If you’re planning on hiring staff, you’ll also need to think about payroll as well as registering with HMRC as an employer.
It can be daunting at first, but with the right support from an accountant, you can avoid making errors which may impact your success in the future. Find out more information about some of the key considerations before launching a business.
4. Expanding Too Quickly
In a similar fashion to the point above, scaling your business too early can result in cash pressures and could be catastrophic for your business.
As your ranks grow and positions that were once filled by individuals now have a whole team working behind it, the need for organisation is paramount. Ensuring you stay on top of cashflow, budgets, cost estimates and sales inventory as well as making sure that everyone is working to the same goals is crucial to continuing your success.
Another mistake which often comes with expanding too fast is that while the demand for your products or services may be growing, the level of customer service remains constant.
Many smaller businesses build their reputation through outstanding customer service, and rapid growth can make it difficult to live up to this expectation. Ensuring you have the time and resources to adhere to your standards of customer service means you are much more likely to succeed.
5. Cashflow Problems
A crucial thing to think about before setting up a business is how it will be funded in both the short and longer term. Profit does not necessarily equal cash in the bank and without a steady cashflow, many businesses will fail.
Forecasting is therefore essential to the success of any business and should be a key part of the planning process.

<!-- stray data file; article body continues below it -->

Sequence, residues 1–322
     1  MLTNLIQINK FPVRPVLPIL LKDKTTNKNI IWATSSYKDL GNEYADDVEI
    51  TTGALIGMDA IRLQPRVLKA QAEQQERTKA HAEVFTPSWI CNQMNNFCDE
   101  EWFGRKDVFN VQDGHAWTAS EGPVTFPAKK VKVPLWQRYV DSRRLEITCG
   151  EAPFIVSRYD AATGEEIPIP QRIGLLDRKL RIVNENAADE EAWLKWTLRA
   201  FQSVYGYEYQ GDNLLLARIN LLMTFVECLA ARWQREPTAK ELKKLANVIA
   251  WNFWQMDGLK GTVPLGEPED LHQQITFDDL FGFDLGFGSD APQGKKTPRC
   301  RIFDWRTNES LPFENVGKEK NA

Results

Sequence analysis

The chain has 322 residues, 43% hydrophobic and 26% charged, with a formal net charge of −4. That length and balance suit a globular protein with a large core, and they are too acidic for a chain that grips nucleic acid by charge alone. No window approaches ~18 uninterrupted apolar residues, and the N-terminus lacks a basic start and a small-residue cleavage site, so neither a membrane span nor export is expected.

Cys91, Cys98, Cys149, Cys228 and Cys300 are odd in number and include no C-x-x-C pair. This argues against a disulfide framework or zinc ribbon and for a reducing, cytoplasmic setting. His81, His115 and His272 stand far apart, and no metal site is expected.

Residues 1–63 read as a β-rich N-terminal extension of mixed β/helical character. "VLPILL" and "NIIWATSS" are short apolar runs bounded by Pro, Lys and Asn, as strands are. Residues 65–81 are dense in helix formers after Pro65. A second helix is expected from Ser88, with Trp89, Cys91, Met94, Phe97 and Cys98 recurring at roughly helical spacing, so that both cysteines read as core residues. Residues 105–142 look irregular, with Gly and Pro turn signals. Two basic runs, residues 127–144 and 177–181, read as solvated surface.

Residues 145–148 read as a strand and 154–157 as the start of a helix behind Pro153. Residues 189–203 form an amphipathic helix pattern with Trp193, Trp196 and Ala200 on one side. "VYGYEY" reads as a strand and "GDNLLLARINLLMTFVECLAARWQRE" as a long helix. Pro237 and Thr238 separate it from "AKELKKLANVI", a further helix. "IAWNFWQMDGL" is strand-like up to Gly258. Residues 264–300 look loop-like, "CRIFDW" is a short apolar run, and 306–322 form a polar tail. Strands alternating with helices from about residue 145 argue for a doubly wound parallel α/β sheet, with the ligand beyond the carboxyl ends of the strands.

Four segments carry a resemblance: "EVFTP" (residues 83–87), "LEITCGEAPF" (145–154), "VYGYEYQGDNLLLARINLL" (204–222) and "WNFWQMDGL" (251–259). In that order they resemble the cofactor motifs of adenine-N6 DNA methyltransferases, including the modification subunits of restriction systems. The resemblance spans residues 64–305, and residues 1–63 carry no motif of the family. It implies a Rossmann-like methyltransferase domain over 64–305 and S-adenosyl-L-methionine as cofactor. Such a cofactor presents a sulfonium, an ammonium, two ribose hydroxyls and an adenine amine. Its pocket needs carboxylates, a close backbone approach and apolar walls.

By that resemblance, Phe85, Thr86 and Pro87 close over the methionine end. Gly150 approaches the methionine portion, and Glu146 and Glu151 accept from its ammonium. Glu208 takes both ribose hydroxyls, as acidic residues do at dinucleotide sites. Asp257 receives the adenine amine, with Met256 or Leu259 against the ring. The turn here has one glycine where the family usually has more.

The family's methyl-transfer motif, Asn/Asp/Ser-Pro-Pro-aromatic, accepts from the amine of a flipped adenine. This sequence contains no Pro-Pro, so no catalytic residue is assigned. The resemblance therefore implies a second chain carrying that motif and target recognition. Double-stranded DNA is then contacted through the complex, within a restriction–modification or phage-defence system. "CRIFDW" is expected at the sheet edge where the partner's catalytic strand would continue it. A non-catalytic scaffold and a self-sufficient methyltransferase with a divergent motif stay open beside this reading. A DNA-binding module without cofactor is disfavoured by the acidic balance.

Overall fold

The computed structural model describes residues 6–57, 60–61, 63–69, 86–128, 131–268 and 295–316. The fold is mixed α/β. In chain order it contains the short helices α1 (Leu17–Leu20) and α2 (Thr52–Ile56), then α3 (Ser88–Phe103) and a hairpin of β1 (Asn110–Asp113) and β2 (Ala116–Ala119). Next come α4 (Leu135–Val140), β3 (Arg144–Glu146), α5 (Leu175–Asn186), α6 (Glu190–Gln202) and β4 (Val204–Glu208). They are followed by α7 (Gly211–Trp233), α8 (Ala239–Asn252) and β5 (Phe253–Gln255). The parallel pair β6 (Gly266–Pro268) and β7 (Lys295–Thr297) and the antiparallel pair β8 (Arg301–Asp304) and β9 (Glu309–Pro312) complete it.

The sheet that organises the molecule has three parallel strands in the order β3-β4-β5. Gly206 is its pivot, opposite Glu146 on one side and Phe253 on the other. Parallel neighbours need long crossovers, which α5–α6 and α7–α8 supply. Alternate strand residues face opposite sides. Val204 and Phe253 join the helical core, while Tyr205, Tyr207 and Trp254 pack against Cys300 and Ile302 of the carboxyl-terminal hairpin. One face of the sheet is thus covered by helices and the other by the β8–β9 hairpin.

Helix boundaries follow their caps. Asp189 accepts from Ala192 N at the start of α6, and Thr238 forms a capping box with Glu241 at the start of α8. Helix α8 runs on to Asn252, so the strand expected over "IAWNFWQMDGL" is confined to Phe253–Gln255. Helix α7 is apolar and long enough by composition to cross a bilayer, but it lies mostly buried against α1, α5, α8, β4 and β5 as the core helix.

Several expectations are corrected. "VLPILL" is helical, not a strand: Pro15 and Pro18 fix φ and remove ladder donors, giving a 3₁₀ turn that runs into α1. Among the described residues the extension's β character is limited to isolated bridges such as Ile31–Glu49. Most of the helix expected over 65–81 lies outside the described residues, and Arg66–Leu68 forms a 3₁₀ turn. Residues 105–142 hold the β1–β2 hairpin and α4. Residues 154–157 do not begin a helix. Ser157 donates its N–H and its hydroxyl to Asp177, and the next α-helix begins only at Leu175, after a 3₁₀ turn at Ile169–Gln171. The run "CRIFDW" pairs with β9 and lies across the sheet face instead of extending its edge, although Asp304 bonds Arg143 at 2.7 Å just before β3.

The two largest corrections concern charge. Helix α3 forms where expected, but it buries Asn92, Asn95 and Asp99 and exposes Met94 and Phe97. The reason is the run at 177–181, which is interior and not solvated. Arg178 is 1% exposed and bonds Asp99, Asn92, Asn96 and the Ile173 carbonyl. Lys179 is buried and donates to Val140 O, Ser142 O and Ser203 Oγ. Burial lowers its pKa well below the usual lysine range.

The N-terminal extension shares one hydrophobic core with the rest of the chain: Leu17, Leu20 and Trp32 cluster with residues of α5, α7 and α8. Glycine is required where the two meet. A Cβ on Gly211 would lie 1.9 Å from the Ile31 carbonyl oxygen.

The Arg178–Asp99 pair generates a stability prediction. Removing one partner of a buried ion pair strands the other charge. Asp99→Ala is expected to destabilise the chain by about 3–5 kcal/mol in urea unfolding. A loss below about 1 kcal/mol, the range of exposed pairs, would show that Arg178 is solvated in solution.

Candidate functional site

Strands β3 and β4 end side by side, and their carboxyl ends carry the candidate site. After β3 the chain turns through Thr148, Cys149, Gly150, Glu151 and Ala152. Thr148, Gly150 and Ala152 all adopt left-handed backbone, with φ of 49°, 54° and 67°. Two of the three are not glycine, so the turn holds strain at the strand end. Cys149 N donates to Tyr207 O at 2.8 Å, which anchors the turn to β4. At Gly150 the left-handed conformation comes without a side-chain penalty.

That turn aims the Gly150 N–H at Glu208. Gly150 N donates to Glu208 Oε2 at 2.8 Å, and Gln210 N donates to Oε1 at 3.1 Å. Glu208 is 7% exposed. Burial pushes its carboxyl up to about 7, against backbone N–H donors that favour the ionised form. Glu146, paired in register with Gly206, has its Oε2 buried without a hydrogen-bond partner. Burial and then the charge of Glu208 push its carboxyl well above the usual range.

As a start-up, it is likely you will have a large number of initial costs and therefore will need to supply your cashflow with funding until your sales have had a chance to grow. This often comes in the form of investments or loans. Once you have established a positive cashflow position, the goal is to stay there.
Most new businesses underestimate just how much cash they will need in the first 12-24 months and often fail due to money running out. Understanding how your cashflow is likely to work and planning for setbacks and contingencies are key ways to avoid hitting cashflow problems in the early days of setting up your business.
6. Lack of Understanding of the Market
Having a solid business idea is one thing, but without proper understanding of the market, your potential clients and how niche your service or product is, your business is unlikely to reach its full potential and may even fail.
Research research research! To avoid this mistake, analyse your market and target audience and build up a picture of where your business would sit.